NFPs and commerce

Given the changing landscape and difficulty many NFPs have in securing regular funding and donations, the ATO is seeing more of them undertake commercial activities to generate income.

While NFPs must not operate for the profit or gain of their members, they are permitted to generate profit by undertaking commercial activities. The activity, however, must be in line with the entity’s stated purposes.

The ATO reminds them to:

  • Review governing documents to ensure activities and operations are consistent with the NFP’s purposes
  • Understand the impacts commercial activities may have for the organisation. Specifically, consider whether the commercial activities will affect current tax concessions, including deductible-gift recipient status, FBT, and GST
  • Work through employer obligations when hiring new staff, including pay-as-you-go withholding, superannuation, and single-touch payroll, and
  • Ensure that appropriate records clearly separate member income from other income sources if accessing mutuality.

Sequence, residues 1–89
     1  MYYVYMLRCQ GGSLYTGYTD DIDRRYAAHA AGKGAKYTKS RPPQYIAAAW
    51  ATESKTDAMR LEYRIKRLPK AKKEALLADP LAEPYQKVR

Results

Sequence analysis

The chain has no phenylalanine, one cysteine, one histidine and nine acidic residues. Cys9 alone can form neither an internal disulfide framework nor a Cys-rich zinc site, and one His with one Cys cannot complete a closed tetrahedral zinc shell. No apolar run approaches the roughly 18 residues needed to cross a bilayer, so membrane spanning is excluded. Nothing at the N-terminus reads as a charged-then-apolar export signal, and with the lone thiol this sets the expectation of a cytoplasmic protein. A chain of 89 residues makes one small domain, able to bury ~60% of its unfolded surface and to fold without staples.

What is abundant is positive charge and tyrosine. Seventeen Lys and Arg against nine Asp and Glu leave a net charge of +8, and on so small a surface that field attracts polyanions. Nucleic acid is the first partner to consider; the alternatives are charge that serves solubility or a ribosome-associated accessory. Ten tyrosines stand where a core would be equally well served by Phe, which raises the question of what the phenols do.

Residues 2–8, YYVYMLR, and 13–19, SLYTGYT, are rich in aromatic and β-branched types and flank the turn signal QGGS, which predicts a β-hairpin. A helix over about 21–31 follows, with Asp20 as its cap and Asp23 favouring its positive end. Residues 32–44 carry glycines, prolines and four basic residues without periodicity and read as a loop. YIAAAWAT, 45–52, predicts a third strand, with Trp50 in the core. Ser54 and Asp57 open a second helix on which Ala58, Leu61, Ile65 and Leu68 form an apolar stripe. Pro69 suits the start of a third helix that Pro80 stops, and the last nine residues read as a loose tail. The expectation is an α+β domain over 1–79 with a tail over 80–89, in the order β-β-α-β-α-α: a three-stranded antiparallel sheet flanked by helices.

Increased leveraging of commercial activities is also driving changes in business models. The ATO has seen NFPs enter joint ventures, partnerships, and shared service arrangements. Additionally, some NFPs are big and have very complex structures.

Many of these self-assess as income-tax exempt and until now have not had to report to the ATO unless they’re lodging a BAS or have other obligations.

New reporting requirements for self-assessing NFPs begin on 1 July next year. They support a level playing field with similar (but not the same) regulatory requirements expected for non-charitable and charitable not-for-profits.

The ATO is working with the sector to design and test the form so that all income-tax exempt NFPs, big and small, can meet their obligations easily.